I was in a recent discussion with some friends of mine that went on to work at a handful of different places, Intel, Oracle, Microsoft, NVidia, AMD, Google, Pixar to name a few.
I've been thinking about this early in my career and even now. I really think what I have heard from 1 of my former VPs, as well as what Google puts out as its 'defined philosophy' rings very true. They state:
It's best to do one thing really, really well.
Google does search. With one of the world's largest research groups focused exclusively on solving search problems, we know what we do well, and how we could do it better. Through continued iteration on difficult problems, we've been able to solve complex issues and provide continuous improvements to a service already considered the best on the web at making finding information a fast and seamless experience for millions of users. Our dedication to improving search has also allowed us to apply what we've learned to new products, including Gmail, Google Desktop, and Google Maps. As we continue to build new products* while making search better, our hope is to bring the power of search to previously unexplored areas, and to help users access and use even more of the ever-expanding information in their lives.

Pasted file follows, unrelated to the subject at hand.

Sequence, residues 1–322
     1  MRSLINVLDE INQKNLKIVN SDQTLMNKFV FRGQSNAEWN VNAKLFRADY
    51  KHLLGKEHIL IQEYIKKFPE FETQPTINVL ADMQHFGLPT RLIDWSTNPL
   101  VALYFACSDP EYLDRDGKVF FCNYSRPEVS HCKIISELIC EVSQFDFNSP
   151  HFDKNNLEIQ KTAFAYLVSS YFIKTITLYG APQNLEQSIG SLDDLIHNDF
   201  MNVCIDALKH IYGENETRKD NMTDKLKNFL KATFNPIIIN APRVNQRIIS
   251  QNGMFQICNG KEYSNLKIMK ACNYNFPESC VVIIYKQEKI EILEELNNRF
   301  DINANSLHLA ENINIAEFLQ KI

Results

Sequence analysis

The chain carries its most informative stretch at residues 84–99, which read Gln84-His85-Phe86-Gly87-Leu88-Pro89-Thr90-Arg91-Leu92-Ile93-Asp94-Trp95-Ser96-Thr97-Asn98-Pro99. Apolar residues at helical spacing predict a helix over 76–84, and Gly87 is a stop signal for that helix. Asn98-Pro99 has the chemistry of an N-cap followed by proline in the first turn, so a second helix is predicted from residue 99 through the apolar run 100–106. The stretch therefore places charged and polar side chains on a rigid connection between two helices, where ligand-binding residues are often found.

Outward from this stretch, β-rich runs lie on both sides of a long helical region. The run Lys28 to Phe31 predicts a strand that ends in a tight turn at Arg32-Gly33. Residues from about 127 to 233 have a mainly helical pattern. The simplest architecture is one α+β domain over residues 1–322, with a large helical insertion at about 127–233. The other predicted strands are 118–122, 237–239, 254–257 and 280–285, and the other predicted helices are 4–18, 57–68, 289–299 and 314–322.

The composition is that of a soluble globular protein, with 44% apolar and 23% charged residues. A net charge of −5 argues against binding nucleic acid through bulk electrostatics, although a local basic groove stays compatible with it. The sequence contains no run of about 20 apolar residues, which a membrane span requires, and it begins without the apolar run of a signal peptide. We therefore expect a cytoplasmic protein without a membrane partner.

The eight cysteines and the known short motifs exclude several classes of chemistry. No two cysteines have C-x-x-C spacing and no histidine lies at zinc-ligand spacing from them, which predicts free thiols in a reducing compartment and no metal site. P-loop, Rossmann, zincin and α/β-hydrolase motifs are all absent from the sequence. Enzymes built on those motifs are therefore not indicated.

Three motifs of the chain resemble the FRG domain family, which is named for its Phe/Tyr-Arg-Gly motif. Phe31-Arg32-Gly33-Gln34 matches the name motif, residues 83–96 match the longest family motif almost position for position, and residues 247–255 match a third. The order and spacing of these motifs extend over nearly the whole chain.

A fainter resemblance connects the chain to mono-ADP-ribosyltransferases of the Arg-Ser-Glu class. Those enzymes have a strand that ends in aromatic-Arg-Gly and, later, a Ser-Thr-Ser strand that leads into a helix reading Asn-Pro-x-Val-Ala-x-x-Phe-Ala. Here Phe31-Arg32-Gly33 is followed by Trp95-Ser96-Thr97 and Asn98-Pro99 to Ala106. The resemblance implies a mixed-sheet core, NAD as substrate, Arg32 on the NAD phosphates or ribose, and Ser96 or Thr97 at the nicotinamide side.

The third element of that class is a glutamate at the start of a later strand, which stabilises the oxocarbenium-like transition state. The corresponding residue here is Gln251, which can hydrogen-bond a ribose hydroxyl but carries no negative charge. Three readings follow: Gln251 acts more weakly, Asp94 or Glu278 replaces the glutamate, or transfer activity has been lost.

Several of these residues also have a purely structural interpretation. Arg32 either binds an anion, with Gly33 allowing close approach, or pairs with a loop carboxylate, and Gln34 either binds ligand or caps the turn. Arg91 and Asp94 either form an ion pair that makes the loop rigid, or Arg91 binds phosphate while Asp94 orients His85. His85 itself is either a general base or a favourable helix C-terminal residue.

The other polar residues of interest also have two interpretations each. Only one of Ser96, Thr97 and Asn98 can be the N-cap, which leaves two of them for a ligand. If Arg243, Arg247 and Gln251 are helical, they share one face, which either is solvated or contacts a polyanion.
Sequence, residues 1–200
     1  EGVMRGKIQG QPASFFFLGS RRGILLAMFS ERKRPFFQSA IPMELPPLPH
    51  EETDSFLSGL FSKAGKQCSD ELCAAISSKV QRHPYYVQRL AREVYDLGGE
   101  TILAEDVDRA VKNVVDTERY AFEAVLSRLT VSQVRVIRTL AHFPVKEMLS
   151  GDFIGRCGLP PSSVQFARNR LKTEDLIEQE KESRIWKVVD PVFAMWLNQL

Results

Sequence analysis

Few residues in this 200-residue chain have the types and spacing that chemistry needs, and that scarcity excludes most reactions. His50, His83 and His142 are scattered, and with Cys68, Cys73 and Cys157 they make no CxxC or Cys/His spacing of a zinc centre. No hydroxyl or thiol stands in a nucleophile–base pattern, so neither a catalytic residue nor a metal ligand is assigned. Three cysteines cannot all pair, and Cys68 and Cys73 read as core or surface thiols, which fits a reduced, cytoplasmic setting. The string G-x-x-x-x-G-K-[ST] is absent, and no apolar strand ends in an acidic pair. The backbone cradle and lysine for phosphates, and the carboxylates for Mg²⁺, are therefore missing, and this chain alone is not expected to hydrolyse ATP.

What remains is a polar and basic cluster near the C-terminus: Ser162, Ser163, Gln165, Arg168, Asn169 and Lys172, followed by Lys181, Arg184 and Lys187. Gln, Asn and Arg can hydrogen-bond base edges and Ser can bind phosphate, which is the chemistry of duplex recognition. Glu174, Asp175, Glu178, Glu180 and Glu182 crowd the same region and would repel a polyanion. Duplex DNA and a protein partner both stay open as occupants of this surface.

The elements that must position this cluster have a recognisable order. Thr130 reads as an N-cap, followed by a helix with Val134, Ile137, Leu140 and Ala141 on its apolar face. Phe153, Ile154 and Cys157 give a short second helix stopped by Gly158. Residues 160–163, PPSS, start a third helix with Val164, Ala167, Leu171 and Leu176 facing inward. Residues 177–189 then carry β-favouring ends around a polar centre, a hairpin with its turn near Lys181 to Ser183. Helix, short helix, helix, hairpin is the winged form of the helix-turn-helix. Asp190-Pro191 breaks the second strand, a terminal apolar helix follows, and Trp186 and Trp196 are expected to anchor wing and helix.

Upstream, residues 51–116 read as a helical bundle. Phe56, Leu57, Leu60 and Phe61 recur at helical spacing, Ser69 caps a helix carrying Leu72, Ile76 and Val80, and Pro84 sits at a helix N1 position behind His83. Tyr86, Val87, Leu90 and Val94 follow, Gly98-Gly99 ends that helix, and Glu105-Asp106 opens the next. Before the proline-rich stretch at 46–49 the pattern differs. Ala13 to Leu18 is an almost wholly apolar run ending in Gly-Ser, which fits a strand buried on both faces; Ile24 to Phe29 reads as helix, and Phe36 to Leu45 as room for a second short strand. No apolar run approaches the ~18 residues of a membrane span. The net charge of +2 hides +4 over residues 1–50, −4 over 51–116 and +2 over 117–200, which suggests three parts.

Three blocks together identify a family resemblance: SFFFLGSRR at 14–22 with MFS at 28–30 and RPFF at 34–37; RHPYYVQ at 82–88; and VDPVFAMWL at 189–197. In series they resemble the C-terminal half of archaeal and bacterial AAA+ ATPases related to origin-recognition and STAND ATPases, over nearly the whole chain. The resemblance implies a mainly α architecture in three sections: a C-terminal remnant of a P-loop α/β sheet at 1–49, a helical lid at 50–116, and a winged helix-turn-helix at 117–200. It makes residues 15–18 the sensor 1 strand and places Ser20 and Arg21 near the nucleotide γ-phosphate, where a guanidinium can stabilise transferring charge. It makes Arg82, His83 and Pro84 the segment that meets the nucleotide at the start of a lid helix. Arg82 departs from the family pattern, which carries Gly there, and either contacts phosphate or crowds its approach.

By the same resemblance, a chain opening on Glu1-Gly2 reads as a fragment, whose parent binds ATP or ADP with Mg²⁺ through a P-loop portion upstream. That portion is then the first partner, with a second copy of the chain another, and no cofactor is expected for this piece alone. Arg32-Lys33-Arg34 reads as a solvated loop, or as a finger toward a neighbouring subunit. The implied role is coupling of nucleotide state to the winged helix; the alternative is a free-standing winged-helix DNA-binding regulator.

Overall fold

So in the end when I think of the strongest technical and techno-business people I know, sincerely, they are well rounded and know 'enough' about a lot of things, but they are KILLER at one or 2 particular skills, with almost no exceptions. When you follow your path, so to speak, it tends to rub against so many other areas that naturally fall onto your plate for you to digest. I've met too many people that get 'good' at a 'lot' of things. These people are smart and fast learners, but will always be below so-called subject area experts. I also firmly believe that the people that build the tools, and don't just employ them to build other things and use them are the ones that are the real experts. While there are thousands of DBAs, and even many top DBAs, and many great developers and managers....there simply are nowhere near as many experts that BUILD these tools at the actual software companies.